Karen Rimmer, Head: Distribution at PSG Insure
South Africa’s turbulent economic climate has increased the exposure of local businesses to a number of significant risks. Among these are risks related specifically to fraud. The two most common of these risks involve fraudulent activities or theft committed by employees, and the significant threat of cybercrime. Protecting a business from the financial impact and reputational damage that often accompany these incidents requires company-wide and preventative measures as well as the appropriate level of insurance cover. Commenting on this topic is Karen Rimmer, Head of Distribution at PSG Insure.
Background checks and beyond
According to Rimmer, there are several precautions business owners can take to safeguard their operations against employee fraud. “Not only is this important from the perspective of internal risk management and mitigation, but it may also be part of the stipulations required by insurers for the terms of insurance policies to be upheld.”
Preventing employee fraud should begin from the very onset of the hiring process. At the very least, businesses should conduct criminal and background checks on all candidates. By contacting applicant references and conducting due diligence checks, businesses can also verify details relating to the employee’s past employment history, as well as their professional background and qualifications.
As Rimmer advises, “Implementing security measures to restrict access to sensitive information and financial data is another procedure that businesses can employ to limit the number of employees who are authorised to process important transactions and control cash flow.
It is also best practice in many industries for companies to allow for regular or annual audits conducted by an external firm, to ensure the integrity of the business’s financial processes. An anonymous platform for reporting instances of fraud or misconduct can also go a long way in building a company culture of collective transparency and responsibility.”
Businesses should also be proactive in planning for eventualities. For example, depending on the industry, having a public relations and crisis communication plan in place that can come into effect when certain problems arise, will ensure that businesses are prepared and can take immediate action to prevent long-term reputational damage should an incident of fraud arise.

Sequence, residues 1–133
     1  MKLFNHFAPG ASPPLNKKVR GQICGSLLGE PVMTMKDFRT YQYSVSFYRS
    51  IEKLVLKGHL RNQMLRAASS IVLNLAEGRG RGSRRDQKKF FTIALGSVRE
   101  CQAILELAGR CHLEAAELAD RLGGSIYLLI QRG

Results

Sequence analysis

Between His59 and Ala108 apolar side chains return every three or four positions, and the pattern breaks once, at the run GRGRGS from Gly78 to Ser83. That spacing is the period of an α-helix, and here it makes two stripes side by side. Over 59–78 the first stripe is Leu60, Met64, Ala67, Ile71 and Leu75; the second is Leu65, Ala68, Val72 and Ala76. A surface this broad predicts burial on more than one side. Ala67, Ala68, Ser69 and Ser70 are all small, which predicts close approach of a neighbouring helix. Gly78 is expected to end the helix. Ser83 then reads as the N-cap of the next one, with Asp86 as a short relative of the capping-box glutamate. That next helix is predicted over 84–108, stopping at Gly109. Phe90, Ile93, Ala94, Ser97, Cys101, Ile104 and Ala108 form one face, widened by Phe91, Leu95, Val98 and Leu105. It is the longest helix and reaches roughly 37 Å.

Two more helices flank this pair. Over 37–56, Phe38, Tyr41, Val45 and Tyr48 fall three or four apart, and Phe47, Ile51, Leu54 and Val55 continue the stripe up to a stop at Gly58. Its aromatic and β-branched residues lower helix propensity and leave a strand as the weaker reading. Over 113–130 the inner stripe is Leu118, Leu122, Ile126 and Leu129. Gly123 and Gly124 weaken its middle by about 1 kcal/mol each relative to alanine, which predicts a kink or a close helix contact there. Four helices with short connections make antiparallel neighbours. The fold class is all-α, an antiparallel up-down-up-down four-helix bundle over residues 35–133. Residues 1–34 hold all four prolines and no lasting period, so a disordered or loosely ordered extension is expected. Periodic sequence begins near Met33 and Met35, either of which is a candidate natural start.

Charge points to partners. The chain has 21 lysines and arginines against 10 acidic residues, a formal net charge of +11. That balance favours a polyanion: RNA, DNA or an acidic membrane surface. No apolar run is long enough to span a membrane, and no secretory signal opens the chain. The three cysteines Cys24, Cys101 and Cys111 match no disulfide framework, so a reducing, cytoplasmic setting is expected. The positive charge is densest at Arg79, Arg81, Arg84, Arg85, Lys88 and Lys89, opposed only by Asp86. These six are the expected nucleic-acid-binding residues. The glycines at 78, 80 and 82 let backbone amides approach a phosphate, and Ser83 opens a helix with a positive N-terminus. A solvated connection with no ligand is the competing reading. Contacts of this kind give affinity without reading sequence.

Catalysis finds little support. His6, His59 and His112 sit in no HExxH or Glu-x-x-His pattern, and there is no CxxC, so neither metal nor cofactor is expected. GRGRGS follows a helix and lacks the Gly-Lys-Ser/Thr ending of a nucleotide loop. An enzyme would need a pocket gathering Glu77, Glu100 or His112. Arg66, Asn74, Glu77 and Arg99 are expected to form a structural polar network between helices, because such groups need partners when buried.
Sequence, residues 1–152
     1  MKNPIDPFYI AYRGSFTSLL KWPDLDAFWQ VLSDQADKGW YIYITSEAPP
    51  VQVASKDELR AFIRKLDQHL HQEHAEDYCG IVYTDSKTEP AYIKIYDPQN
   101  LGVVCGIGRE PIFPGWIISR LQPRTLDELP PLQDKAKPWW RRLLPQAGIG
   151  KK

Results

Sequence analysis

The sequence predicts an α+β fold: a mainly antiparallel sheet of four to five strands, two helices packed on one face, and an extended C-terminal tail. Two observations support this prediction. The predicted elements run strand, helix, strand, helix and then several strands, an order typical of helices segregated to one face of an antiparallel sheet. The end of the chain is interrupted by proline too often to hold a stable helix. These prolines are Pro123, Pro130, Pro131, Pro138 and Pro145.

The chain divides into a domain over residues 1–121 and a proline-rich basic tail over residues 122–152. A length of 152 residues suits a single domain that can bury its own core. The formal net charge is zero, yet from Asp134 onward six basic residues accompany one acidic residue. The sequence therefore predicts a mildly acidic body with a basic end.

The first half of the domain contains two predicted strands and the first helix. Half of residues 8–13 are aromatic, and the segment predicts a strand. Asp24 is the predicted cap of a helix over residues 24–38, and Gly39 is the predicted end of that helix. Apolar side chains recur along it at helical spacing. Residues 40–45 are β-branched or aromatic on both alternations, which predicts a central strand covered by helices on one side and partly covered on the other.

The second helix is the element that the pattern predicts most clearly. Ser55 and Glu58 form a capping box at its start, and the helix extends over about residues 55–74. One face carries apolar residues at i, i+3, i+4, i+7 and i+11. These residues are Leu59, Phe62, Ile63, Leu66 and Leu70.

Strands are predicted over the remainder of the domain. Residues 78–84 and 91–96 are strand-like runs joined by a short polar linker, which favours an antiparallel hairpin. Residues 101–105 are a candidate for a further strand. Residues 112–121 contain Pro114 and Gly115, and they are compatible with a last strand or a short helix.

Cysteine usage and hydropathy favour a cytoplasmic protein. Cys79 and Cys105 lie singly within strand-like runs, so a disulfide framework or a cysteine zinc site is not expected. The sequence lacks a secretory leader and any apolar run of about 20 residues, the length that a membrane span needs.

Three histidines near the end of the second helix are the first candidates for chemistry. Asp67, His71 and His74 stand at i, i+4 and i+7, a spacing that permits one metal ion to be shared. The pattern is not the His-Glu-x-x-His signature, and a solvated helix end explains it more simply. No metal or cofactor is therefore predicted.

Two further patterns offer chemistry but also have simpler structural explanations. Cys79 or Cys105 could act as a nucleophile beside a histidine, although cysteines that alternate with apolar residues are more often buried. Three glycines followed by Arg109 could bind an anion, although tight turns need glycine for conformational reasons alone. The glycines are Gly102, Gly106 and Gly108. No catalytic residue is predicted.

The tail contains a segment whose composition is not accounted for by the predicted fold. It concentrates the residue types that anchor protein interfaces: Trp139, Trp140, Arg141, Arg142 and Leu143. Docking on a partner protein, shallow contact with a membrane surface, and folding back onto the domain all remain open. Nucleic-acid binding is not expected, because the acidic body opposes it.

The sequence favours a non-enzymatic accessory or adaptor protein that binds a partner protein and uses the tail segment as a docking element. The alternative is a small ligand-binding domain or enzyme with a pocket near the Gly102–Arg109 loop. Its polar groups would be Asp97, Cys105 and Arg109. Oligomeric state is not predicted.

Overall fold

Fidelity cover to fraud-proof your business
These internal risk management strategies can be bolstered by taking out the right kind of insurance. Fidelity cover, a section that can be added to a commercial policy, provides the best protection against employee fraud and theft. This kind of cover is specifically designed to safeguard businesses against losses stemming from employee dishonesty, any illicit financial gain, or loss of property.
Navigating the digital minefield
Apart from direct incidents of fraud and theft, businesses also need protection against the potentially devastating impact of cybercrime. According to the most recent data, cybercrime has grown by 191% over the past three years and the average claim cost has risen by 213%. This evidence points to the widespread damage that can be caused when a business’ database is hacked, sensitive data is stolen or a company is held to ransom.
Rimmer asserts that several strategies can be employed to safeguard against these kinds of risks. “One of these measures involves the implementation of a robust authentication system, fortified by the use of multi-factor authentication and the deployment of complex passwords. This initial line of defence can serve as a barrier against unauthorised access.
Businesses should also be vigilant in patching updates, addressing security vulnerabilities within their programs and products. Fortunately, the deployment of anti-virus solutions has become significantly more cost-effective. Many of these software-as-a-service offerings are armed with artificial intelligence and behavioural detection capabilities.”
Strategic protection against cybercrime
Cyber insurance cover then acts as an additional layer of protection. Comprehensive cyber insurance will cover any fallout resulting from a security breach. As Rimmer concludes, depending on the way in which the policy is structured, it can extend to first-party cover, providing financial protection for the business, as well as third-party cover. “The latter addresses the impact on the business’s client or customer base, including stakeholders and other individuals or organisations affected by the breach. In cases of fraud, employee dishonesty, theft and cybercrime, advisers play a crucial role in providing businesses with guidance on how to tailor their policies to suit their business model and budget.”